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The best cure for writer’s block? A stiff drink.
Booze and literature have long had a close relationship; many of the world’s most famous authors were as good at drinking as they were at writing. And the drinks they liked to imbibe made such a strong impression that Raymond Chandler, F. Scott Fitzgerald and more immortalized a number of classic cocktails in their novels.
So if you like to enjoy a well-made cocktail while reading your favorite classic novel, be sure to check out which drinks inspired the most prolific American writers over the years. From Martinis to Vespers to Gin Rickeys, you may earn a new respect for the writers (and cocktails) behind your favorite books.
Weigh in below: What’s your favorite cocktail mentioned in a novel?
This influential author may have countless other drinks associated with his name, including the Death in the Afternoon (which he invented) and the Mojito. But rest assured: Papa loved his Daiquiris—he even has one named after him! The drink was invented at the Floridita bar in Cuba, where Hemingway spent much of his time while America was suffering through Prohibition. The refreshing drink is perfect for summer soirees, but it’s good enough to drink year-round.
Mystery writer Raymond Chandler was as much a fan of this simple sour drink as his booze-guzzling protaganist Philip Marlowe, who enjoyed the drink in many a dive bar with plenty of shifty dames.
In fact, Marlowe is quite specific about his recipe in The Long Goodbye: “What they call a Gimlet is just some lime or lemon juice with a dash of sugar and bitters,” he says. “A real Gimlet is half gin and half Rose’s Lime Juice and nothing else. It beats Martinis hollow.”
Call us snobs, but we prefer a Gimlet made with fresh lime and simple syrup over the pre-bottled Rose’s.
Poet Anne Sexton was known for drinking Martinis while socializing and working on her verse. She met fellow poet Sylvia Plath at a seminar and the two hit it off. Later on, they would meet up at the Ritz Carlton in Boston to talk about work over a cocktail or two. (Or three: Sexton eulogized her friend in “Sylvia’s Death,” writing “the death we said we both outgrew,/the one we wore on our skinny breasts,/the one we talked of so often each time/we downed three extra dry martinis in Boston”. Who knows how many eloquent lines came out of those meetings?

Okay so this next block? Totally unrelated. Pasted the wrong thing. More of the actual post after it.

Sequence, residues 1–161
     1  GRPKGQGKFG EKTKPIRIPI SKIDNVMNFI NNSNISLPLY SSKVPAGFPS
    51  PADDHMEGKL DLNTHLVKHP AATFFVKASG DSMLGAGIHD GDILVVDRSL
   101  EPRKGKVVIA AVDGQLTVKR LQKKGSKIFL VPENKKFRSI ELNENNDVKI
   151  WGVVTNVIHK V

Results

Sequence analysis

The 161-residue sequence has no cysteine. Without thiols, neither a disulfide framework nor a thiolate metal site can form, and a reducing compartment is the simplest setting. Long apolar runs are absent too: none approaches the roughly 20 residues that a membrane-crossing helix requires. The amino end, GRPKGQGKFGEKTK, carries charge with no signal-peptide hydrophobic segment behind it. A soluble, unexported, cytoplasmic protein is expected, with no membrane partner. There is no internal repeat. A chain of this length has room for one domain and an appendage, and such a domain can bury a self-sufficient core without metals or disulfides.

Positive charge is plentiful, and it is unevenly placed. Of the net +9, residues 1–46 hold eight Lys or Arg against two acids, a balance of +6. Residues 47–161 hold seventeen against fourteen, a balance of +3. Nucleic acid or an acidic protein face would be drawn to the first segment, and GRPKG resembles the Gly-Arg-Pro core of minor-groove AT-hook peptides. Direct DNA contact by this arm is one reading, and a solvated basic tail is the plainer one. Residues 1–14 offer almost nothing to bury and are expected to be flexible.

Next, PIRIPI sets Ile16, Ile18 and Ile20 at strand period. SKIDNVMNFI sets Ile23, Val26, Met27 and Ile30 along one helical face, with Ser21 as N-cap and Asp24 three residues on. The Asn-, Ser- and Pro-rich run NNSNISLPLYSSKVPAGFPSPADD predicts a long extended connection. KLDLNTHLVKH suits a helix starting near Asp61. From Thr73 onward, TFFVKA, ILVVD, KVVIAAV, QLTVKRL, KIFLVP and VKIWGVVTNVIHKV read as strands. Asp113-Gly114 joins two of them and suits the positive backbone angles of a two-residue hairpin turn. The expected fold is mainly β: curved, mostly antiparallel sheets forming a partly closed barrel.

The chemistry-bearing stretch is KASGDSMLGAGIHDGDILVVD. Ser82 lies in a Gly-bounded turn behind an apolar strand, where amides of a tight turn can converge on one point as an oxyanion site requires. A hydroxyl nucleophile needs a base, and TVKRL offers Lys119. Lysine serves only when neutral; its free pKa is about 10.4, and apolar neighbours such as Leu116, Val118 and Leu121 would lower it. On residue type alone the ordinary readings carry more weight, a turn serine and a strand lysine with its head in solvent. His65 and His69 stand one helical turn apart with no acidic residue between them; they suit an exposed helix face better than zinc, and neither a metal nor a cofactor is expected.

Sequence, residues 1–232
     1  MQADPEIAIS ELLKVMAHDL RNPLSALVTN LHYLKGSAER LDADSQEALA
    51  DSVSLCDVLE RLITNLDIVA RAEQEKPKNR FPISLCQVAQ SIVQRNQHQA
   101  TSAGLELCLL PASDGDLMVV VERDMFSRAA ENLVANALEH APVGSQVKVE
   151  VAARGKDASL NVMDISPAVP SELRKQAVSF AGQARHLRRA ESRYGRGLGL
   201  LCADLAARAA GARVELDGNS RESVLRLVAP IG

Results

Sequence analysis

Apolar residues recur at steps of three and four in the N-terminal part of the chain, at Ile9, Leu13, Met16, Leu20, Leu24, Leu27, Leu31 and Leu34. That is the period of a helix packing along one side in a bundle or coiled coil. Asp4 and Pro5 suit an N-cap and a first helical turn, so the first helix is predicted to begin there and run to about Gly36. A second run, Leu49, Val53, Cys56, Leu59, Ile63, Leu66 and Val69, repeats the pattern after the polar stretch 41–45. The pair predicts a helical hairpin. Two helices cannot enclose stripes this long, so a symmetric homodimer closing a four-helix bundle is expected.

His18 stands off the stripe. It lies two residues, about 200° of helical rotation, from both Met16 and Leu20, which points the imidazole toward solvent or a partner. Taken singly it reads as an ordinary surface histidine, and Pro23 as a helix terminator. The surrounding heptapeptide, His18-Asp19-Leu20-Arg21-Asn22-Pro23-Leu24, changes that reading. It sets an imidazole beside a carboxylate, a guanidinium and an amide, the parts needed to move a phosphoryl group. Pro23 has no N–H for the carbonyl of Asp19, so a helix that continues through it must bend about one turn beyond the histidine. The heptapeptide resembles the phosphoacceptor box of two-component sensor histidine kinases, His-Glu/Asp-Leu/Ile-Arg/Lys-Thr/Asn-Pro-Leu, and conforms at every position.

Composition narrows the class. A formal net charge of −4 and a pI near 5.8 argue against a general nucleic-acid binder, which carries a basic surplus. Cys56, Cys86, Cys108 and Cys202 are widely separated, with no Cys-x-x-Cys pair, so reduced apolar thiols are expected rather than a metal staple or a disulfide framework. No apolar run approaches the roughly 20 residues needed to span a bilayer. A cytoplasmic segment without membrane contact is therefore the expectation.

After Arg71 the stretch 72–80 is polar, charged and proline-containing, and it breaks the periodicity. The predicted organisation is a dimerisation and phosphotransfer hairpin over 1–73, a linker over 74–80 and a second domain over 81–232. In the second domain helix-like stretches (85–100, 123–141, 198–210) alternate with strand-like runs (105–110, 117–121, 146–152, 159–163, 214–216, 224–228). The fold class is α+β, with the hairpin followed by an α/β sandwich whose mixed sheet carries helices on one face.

William Faulkner wasn’t the first author to drink while writing, and he won’t be the last. (We admit it helps at times!) Faulkner’s drink of choice was Southern staple the Mint Julep, an easy mix of fresh muddled mint, simple syrup and bourbon. He once said, “I usually write at night. I always keep my whiskey within reach; so many ideas that I can’t remember in the morning pop into my head.”
You can see Faulkner’s own metal Mint Julep cup on display at Rowan Oak, his longtime home (it’s now a museum) in Oxford, Miss.
Gin Rickeys, which comprise gin, lime and soda, were popular during the Great Experiment (aka Prohibition). F. Scott Fitzgerald, along with his wife, Zelda, were among the drink’s biggest fans.
The easy-to-make cocktail even made an appearance in Fitzgerald’s classic The Great Gatsby when Daisy Buchanan asks her husband, Tom, to make the party (including Gatsby) a cold drink. Tom returns "preceding four gin rickeys that clicked full of ice. Gatsby took up his drink. 'They certainly look cool,' he said with visible tension. We drank in long, greedy swallows."
We’re eternally grateful to Ian Fleming for immortalizing one of literature’s most debonair secret agents, James Bond. But we’re even more thankful for his contribution to modern mixology: the Vesper. It first made its appearance in 1953’s Casino Royale—the first Bond novel—and even appeared in the 2006 film adaptation of the book. Fleming introduces the drink just as the climactic poker game is about to start, with Bond asking for “three measures of Gordon’s, one of vodka, half a measure of Kina Lillet. Shake it over ice and add a thin slice of lemon peel.”
Novelist, poet and short story writer Carson McCullers wasn’t just a late-night drinker. She was known for sipping a combination of hot tea and sherry throughout the day that she kept in a Thermos. She called the concoction the Sonnie Boy and claimed it helped her creativity. We imagine this was her preemptive cure for writer’s block—and we like it.
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